The ultimate upper body exercise is the push-up, says Convict Conditioning author and coach Paul Wade.
It’s no secret that push-ups build strength and muscles, strengthen tendons and train the upper body to work in coordination with the mid section and the lower body. Wade advocates going back to the basics. He suggests a progressive variation of 10 different push-ups:
- Wall push-ups
- Incline push-ups
- Kneeling push-ups
- Half push-ups
- Close push-ups
- Uneven push-ups
- ½ one-arm push-ups
- Lever push-ups
- One-arm push-ups
Each of these push-ups is designed to work a different part of the muscle. Push-ups build the pectoris major, anterior deltoid, pectoris minor, and all three heads of the triceps. When doing push-ups, you should find a comfortable hand position. Keep your torso, hips and legs aligned. Keep your arms straight at the top of the movement, but not hyper-extended. It is also important to breath smoothly—out on the way up and in on the way down. Count two seconds down, with a one second pause, and two seconds back up.
The wall push-up
Wall push-ups are a good form of physical therapy. However, if you have any medical problems you should consult your physician. Find a wall. Facing the wall (with your feet together), place your palms flat against the wall. Your arms should be straight and shoulder width apart with the hands at chest level. Bend the shoulders and elbows until the forehead gently touches the wall. This is the finishing position. Press to the start position and repeat. Beginning: 1 set of 10; Intermediate: 2 sets of 25; Advanced: 3 sets of 50.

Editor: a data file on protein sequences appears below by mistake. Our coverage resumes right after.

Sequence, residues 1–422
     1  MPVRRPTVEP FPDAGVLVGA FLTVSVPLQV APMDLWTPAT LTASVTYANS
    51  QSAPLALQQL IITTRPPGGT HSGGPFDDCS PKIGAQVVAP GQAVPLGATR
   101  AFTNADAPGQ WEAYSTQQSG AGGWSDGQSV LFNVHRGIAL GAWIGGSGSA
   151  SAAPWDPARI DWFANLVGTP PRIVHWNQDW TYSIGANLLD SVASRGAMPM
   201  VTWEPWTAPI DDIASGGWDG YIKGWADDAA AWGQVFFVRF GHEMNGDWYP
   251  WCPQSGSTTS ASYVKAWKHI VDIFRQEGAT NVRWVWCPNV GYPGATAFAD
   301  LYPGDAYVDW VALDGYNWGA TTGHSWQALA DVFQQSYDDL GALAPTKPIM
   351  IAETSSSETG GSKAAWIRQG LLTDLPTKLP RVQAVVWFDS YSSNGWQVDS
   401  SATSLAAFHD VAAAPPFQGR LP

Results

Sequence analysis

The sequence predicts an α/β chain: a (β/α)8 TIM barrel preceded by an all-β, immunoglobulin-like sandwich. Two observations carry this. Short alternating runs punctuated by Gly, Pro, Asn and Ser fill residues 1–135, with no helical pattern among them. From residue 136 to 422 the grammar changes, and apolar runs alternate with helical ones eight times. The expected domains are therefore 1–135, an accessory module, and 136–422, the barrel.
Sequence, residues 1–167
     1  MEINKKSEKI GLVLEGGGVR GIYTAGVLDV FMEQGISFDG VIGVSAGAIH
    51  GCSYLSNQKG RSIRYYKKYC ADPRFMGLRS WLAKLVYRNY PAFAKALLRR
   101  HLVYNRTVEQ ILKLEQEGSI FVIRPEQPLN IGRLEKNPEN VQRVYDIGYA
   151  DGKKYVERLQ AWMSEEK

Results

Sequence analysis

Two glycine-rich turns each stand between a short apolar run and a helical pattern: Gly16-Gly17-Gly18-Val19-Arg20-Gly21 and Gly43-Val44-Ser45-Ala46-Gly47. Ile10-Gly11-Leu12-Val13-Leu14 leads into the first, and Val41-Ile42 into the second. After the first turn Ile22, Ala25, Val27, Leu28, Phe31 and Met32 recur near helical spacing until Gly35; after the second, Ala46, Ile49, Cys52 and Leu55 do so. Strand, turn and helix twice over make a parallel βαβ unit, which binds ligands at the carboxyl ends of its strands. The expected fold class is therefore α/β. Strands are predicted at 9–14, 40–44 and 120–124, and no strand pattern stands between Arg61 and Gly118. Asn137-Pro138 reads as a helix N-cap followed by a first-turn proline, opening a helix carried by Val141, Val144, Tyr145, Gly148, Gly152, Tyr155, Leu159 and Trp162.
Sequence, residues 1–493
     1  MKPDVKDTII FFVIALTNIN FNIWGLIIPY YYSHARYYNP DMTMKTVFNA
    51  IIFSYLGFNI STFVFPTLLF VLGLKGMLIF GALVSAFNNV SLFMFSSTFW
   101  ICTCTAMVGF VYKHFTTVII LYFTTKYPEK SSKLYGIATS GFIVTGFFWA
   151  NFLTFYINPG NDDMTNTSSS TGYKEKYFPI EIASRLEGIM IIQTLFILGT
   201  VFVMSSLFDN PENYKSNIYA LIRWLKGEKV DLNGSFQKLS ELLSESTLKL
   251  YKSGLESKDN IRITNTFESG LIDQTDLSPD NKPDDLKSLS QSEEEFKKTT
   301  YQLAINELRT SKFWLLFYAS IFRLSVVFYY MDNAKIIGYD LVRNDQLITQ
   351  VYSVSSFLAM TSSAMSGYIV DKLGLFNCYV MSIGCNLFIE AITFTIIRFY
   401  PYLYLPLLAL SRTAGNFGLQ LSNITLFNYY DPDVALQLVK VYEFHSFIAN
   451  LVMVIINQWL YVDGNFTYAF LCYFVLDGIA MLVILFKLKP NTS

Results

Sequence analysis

Find a secure or stable object (desk, tall chairs, work surfaces, or cell basin) that is about half your height and reaches the midpoint section of your body. With your feet together, lean over and grasp the object with your arms straight, shoulder- width apart. If the object reaches your midpoint, it should put you at about 45 degrees from the floor (This is the start position of the exercise). Bending at the elbows and shoulders, lower yourself until your torso gently touches the top of the object. Pause briefly before pressing back up to the start position and repeat. Beginning: 1 set of 10; Intermediate: 2 sets of 20; Advanced: 3 sets of 40.
Kneel on the floor with your feet together and your palms flat on the floor in front of you. The arms should be straight, shoulder-width apart, and in line with your chest. Link one ankle around the other and keep the hips straight and in alignment with the trunk and head. This is the start position. Using the knees as a pivot, bend at the shoulders and elbows until your chest is approximately one fist’s width from the floor. Pause and press to the start position, then repeat. Beginning: 1 set of 10; Intermediate: 2 sets of 15; Advanced: 3 sets of30.
From the kneeling position, place your palms on the floor and stretch your legs out behind you. Your hands should be about shoulder-width apart, directly below your upper chest. Your feet and legs should be together. Tighten your supporting muscles, so that your back hips and legs stay locked inside. Start with your arms straight. Lower yourself approximately half the length of your extended arms or until your elbows forms a right angle. An excellent way to establish how far to descend is to use a ball directly below your hips. This is the start position. Bend at the shoulder and elbows until your hips lightly make contact with the ball. Pause before pressing back to the start position. Beginning: 1 set of 8; Intermediate: 2 sets of 12; Advanced: 2 sets of 25.
The remaining exercises in the push-up series will be covered next month. We would like your input on this column and welcome any suggests, including future topics.